Why I Crimp

ButterBean

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I know this is going to start the age old battle of crimp or not to crimp and that's not what I'm trying to do so I'm stating "This is why I crimp", This is my opinion so take it for that, I'm just sharing my personal experience and what works for me I am not a competition shooter nor do I claim to be Just a LRH . This is the second time this has happened to me in the past thirty years, the first was an Elk hunt in Oregon where I mailed my rifle and ammo out and then spent a week Horseback and the second time was yesterday, I will tell you that I do not abuse my guns, with that being said I use them for what they are intended for and I do not own anything that hasn't been "Well Used" No safe queens here, Now why I crimp, My Coyote Rig is a Rem 700 in 270 with 90 gr Sierra's, I loaded some rounds last month and got sidetracked and didn't crimp ( I use the Lee FCD on everything I load ) 10 rounds, I just let it go cause I wanted to get in the woods,these were loaded into a 5 rd Magazine two weeks ago, i hunt every evening an twice a day on the weekends 2 to 3 sets a trip and last Saturday my gun slipped off of my shoulder and landed on the Butt stock in a field and didn't hurt anything, fast forward to last night, I shot a ground hog ejected and chambered a new round and while unloading the weapon i saw the bullet in the second round in the mag was gone, upon examination I found the bullet had fell back in to the case, as i said this is the second time this has happened to me and why " I crimp" As for a side note this was 3X fired brass annealed, trimmed and FL resized every loading with a measured .0023 neck tension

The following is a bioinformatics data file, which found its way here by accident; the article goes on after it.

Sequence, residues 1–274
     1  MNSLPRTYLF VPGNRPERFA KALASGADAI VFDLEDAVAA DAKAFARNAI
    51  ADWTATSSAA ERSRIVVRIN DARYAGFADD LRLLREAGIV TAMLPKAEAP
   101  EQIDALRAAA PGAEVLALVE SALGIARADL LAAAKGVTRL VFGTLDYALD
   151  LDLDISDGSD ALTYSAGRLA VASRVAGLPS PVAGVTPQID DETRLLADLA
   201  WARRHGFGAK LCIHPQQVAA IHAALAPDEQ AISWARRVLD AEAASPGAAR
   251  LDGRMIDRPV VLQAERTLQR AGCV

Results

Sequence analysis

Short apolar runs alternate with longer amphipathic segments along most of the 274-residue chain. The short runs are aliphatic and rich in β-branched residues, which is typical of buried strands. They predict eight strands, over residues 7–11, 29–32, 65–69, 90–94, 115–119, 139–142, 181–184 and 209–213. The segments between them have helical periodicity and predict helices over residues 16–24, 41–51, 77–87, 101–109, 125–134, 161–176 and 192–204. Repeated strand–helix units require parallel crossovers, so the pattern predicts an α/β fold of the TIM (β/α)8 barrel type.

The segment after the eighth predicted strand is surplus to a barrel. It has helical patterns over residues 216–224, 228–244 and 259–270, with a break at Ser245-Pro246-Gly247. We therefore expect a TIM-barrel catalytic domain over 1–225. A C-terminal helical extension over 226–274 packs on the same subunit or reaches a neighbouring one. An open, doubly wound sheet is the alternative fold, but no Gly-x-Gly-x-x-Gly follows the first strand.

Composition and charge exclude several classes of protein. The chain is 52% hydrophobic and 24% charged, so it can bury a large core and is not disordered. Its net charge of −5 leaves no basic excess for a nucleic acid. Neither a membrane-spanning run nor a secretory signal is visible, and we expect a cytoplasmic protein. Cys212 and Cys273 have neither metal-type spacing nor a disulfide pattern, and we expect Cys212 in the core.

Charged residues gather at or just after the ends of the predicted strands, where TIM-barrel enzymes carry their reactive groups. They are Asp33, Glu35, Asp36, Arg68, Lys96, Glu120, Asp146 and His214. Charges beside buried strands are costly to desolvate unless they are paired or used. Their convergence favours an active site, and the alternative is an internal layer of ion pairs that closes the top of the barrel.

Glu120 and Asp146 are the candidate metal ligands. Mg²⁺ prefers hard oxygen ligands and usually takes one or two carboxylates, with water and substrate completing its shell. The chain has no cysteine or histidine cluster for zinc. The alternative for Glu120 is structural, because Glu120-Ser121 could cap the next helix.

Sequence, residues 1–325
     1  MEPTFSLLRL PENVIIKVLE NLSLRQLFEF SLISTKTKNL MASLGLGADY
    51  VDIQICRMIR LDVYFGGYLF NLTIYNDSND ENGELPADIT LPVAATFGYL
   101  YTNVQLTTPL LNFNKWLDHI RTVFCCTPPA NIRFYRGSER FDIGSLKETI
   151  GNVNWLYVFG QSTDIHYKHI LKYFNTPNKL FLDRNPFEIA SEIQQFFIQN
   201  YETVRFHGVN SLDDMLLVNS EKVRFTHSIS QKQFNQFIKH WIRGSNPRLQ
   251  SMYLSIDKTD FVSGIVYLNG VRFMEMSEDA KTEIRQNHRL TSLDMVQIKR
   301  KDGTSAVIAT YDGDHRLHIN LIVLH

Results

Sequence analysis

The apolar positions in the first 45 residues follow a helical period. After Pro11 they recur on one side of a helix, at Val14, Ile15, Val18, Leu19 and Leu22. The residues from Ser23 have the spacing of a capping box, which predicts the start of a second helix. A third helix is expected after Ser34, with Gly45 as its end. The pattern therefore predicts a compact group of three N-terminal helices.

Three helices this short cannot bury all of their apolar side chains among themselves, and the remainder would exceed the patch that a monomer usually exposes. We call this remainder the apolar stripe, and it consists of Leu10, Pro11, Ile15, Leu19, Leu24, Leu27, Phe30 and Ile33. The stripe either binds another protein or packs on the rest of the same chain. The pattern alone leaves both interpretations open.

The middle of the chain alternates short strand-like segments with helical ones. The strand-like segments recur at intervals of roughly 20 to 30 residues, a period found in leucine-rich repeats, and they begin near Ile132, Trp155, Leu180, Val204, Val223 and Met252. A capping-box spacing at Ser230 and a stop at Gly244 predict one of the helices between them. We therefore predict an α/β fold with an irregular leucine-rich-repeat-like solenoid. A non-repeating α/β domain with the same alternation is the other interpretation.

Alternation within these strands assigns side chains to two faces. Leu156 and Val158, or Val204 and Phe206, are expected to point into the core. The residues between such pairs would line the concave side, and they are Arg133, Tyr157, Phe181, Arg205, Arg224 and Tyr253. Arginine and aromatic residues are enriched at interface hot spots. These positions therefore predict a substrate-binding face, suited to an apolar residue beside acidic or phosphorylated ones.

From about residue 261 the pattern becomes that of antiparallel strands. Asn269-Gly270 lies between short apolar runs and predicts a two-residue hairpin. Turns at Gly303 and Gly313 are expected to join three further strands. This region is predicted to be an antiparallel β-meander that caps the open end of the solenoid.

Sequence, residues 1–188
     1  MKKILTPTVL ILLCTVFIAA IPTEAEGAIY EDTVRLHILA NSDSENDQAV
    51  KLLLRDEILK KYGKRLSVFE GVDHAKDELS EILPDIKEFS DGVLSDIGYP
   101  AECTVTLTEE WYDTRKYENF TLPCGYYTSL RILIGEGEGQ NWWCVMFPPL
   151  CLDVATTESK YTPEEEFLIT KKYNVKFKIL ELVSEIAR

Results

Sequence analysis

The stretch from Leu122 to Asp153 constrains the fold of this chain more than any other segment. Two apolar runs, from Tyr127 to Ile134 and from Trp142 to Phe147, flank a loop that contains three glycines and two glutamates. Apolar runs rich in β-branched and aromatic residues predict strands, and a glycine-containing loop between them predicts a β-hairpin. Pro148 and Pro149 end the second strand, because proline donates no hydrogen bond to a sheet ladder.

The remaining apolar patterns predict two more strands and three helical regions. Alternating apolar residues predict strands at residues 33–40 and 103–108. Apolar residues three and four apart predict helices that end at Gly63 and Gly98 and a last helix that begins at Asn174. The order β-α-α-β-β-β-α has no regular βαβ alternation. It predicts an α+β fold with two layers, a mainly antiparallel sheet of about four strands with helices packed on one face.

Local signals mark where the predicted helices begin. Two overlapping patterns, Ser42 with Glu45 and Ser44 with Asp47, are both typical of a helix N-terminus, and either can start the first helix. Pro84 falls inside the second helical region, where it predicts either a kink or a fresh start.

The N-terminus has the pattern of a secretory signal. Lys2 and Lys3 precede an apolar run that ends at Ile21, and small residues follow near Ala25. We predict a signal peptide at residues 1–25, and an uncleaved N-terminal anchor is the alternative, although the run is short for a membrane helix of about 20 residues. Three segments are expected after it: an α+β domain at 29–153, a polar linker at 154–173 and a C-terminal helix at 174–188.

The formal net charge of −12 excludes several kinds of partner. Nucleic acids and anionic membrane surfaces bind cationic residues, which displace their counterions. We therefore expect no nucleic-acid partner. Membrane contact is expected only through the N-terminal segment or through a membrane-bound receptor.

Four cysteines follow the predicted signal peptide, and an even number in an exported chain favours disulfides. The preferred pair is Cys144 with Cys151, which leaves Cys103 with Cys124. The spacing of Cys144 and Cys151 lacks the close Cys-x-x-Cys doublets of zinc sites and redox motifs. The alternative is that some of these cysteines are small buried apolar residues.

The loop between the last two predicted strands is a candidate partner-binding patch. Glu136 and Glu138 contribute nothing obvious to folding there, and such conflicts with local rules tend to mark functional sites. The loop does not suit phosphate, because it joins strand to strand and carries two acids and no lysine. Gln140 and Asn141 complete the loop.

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Savage 12BVSS

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That would be a reason to crimp indeed! I have never experienced a bullet drop in or out so far in hunting or shooting but have also never tried a crimp to see what it does for accuracy or consistency.
 

ButterBean

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That would be a reason to crimp indeed! I have never experienced a bullet drop in or out so far in hunting or shooting but have also never tried a crimp to see what it does for accuracy or consistency.